It’s what they call a foundation pedal. Which mostly means it needs a bit of help to get the most from it 🙂 So far, Klon-style pedals seem to get the best from it. The Brit Blue also works really well, esp with that Tele I recently got.

I have tried it into the Marshall Origin, didn’t really enjoy the results. Seems to suit the Blackstar very very well though. (And the more I use it, the more I’m glad I have this amp!)

I’m not familiar with actual twin tweed amps; I couldn’t tell you how close this gets to the real thing. If you want this kind of vintage American tone, it’s one for you to check out. But only if.

[Later in the evening – Ed] I dug out the Special to try it through the Big Tweedy. It does sound good. It’s just a delicate kind of sound compared to the kaiju that’s the RPJ.

I forgot to mention. The pedal’s Drive control is also its bass control. Turn the drive down, and ALL the low-end frequencies disappear. Just be aware of that if you decide to try one for yourself.

#CoffeeAndKlon 8: As The Main Drive Pedal?

This conversation was originally posted to my Twitter feed.

Good morning! For this week’s #CoffeeAndKlon, I’m going to talk about using a Klone as your main drive pedal. It’s something that comes up regularly on Wampler’s Facebook group.

Why does it come up there?

  • it’s a group that’s very friendly to new players
  • Wampler’s Tumnus is popular as a main drive pedal

I’m sure that there are folks out there using Klon Centaurs and KTRs as their main overdrive pedal. Maybe it is more popular than using it as a clean boost in front of pedals or a dirty amp? I wouldn’t know.

I think there’s a specific reason why the Tumnus has found an audience as a main overdrive pedal. It puts out a lot more low-end than my KTR.

To test this, I’m running it into the Boss Katana. Turns out the Katana’s clean channel is very useful for testing pedals. It doesn’t give the pedal any extra help, and any loss of bass or presence comes across very obviously.

And I’m playing the new Tele I bought yesterday. Partly because I’m still really enjoying it. Mostly because it puts out quite a bit of low-end too. Will the Tumnus turn that tone into mud?

No … not at all 🙂

For playing at home, the extra low-end actually sounds really nice. It makes the middle position on this Tele a lot of fun to play with.

That extra low-end doesn’t suit everything though.

If I switch over to a Strat (which has a lot less mid-range output than the Tele), it doesn’t work for me. The Strat sounds a little muffled, and borderline muddy. The mids aren’t strong enough to dominate the tone.

It also highlights a big difference between the kind of tone we love for #HomeTone, compared to what a professional musician would go for.

For #HomeTone, we like signals that have plenty of lows and highs – because it’s just us, and we’re right next to the speaker cab.

In a recording or a live band, those wider frequencies cause a guitar to get lost in the mix. I wonder how the Tumnus would fare in a full band?

If you’ve tried that, I’d love to know what happened, and how you got on. I’d love to learn from you 🙂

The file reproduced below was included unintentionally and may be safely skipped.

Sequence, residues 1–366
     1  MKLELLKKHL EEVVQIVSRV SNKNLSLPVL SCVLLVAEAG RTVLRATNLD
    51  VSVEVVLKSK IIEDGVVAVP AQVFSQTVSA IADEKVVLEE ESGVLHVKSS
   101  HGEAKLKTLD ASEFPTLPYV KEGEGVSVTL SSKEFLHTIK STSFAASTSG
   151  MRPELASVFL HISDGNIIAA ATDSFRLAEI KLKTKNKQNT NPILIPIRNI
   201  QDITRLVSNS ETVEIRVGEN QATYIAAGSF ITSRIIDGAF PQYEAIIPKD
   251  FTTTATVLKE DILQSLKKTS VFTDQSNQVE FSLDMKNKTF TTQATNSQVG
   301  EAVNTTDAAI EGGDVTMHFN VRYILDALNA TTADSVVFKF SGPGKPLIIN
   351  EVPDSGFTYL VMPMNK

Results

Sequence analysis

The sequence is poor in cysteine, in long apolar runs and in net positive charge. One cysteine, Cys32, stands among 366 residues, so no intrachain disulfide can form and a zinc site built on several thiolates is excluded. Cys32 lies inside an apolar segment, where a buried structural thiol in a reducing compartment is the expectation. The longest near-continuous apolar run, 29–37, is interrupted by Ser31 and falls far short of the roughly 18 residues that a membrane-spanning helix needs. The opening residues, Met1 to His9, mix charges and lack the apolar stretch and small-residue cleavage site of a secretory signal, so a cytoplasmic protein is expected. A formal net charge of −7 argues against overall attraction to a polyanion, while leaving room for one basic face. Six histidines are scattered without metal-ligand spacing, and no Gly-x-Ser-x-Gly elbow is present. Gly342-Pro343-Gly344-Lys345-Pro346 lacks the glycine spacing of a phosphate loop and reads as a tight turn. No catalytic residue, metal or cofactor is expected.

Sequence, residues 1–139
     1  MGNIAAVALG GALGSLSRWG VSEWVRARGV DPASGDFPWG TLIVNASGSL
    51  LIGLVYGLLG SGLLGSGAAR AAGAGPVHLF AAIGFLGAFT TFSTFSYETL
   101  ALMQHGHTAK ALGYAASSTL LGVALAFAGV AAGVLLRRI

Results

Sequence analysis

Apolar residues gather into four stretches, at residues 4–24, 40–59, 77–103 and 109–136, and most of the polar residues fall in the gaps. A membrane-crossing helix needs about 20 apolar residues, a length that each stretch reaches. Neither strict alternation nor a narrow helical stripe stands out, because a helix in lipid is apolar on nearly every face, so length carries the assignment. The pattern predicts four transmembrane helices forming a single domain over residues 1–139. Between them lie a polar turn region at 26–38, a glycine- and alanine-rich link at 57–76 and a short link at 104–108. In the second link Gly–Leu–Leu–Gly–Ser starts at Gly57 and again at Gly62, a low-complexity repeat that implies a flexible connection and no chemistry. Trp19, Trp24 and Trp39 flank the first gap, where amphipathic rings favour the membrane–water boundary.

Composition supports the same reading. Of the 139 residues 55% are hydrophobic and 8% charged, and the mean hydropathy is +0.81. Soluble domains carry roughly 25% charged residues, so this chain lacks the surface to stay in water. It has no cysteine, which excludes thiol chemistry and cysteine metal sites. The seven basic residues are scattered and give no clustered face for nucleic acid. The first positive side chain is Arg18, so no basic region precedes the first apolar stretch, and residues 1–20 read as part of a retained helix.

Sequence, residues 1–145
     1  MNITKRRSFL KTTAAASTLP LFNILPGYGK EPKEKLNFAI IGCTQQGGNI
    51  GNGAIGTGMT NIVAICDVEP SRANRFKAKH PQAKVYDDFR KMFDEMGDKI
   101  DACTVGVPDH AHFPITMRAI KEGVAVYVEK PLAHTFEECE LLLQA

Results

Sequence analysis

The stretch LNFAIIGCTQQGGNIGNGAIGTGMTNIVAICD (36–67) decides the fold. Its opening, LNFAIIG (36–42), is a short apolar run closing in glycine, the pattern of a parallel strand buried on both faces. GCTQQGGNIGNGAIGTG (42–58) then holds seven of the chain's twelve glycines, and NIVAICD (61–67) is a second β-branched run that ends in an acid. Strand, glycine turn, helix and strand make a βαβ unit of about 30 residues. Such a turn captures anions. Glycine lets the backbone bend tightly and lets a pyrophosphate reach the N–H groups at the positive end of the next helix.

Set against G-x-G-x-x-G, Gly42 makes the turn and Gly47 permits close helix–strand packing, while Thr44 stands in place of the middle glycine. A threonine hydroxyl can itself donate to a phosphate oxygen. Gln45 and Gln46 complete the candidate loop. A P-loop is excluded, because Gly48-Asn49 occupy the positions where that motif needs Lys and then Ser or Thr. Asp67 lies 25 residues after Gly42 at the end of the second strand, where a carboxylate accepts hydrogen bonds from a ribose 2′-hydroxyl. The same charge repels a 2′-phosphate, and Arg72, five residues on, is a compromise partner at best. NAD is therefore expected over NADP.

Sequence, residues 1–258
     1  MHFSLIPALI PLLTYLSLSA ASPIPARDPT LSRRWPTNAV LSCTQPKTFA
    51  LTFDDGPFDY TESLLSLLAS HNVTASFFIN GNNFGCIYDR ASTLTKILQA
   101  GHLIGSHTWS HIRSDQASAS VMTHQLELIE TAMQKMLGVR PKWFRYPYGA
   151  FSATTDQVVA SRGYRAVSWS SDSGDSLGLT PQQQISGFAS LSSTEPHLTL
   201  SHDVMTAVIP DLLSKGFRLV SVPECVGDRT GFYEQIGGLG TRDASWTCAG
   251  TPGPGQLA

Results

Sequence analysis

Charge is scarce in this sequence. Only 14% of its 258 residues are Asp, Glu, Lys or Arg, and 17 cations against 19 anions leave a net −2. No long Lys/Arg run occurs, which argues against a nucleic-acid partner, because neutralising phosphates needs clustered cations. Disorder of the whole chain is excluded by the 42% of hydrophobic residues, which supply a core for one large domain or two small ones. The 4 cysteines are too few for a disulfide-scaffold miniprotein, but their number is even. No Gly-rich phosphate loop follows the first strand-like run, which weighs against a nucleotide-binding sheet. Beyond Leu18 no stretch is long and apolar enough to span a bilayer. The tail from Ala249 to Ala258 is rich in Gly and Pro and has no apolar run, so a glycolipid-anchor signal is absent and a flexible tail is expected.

Can other klones be used as main drive pedals? If you’ve done that, let me know 🙂

Have a great day, and head on over to the http://hometoneblog.com  for more #HomeTone discussion!

#CoffeeAndKlon 7: Too Much Sparkle?

This conversation was originally posted to my Twitter feed.

It’s #CoffeeAndKlon time again. And I want to talk about a pedal I think everyone should try – the TC Electronic Spark Booster. What, you didn’t think I’d forgotten I’d talk about this one, did you? 🙂

This boost pedal is arguably famous because it was a regular guest star in any Andertons YouTube vids. I know I got mine because of them 🙂

I guess they got tired of it? I can’t remember the last time they mentioned it in a video.

Anyway, every time I plug it back in, I think it sounds top-drawer. The ‘clean’ setting in the middle sounds flat, and I can dial in extra dirt or adjust the EQ – and keep the output volume down too.

But it’s what it does to the top-end of the frequency spectrum that I love the most.

I can’t stand guitar tones that sound like someone’s thrown a duvet over the speaker cab – or that sound like they’re coming through the wall from another room. I want a guitar tone that sounds like it’s right there in front of me.

It’s one reason (amongst many!) that I’ve gone from digital to tubes, when the trend is definitely going in the other direction.

There’s something about the presence from the Spark that sounds just right to me. I don’t know if it’s boosting the high frequencies or simply not filtering them, but I like whatever is going on.

Going back and forth between the Overzoid and the Spark, I’d say it’s the main difference between the two. The Spark has a … sparkle … that isn’t there with the Overzoid.

If I love the tone so much, why is the Spark rarely shown out on my practice board? Well, after about 10-15 minutes, that extra sparkle has caused ear fatigue for me. My ears just don’t like being blasted with sounds in the upper register 🙁

Maybe I could dial back that treble control and try and tame it? My ears need time to recover first!

I think it’s as bright as it is so that we can use it as a treble booster into an amp, where the saturated preamp should swallow up the extra frequencies? I’m guessing. I don’t know if that’s the case.

Anyway, when my ears recover, I’ll be putting the Overzoid back on the board for now.

As always, this is just personal preference. Try one for yourself. You might like what they do 🙂

So, what’s coming up next time? I haven’t talked about Tubescreamers, and I haven’t talked about the Klon’s legendary rival, the Timmy. They’re more for boosting amps than pedals though.